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Up until now, we have primarily dealt with repercussions of travels to the past. But what of the future? Is it possible to screw up your life and the lives of others to an almost incalculable degree by traveling forward in time?


The BasicsEdit

As United States Secretary of the Treasury Alexander Hamilton will tell you: yes. Or at least, that's what he would tell you had he not been shot in the abdomen by Aaron Burr, his political arch-nemesis. While many know Hamilton as one of our formerly great (not so great following the "No Pants President" election gimmick of 2088) nation's founding fathers, he was also one of time travel's founding second cousins.

And though Hamilton lived out a rare life in which he was a pioneer three times in three completely unrelated fields (Little known fact: he was technically the first champion bowler),  his untimely demise by duel was never meant to be. It was Hamilton himself who caused his death by gunshot wound, the resuly of a man who had learned of his own fate before he had seen it through.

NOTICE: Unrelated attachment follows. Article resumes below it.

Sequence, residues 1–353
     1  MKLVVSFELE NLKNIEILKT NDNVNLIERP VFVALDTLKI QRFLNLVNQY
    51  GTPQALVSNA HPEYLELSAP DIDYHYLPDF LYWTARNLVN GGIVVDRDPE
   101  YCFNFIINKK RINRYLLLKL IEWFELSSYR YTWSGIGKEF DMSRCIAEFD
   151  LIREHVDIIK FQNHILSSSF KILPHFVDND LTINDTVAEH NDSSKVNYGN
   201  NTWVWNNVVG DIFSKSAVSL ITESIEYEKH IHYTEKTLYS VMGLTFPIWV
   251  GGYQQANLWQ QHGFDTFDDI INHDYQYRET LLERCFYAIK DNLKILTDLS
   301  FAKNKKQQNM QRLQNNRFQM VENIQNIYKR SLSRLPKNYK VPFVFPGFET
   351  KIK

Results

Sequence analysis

In 2023, an early time-travel test and historical reconnaissance misson was conducted.  The mission was to sent its testee, the lab's intern, to a period sometime shortly after the birth of the United States of America. The time machine returned to its lab with the inter, a college sohpmore named Ricky, flopping out its open door and falling wet, bruise, and shivering to the floor. Stepping out behind him a moment later, shirtless and belligerently drunk, was Alexander Hamilton, one of the nation's most notable founders.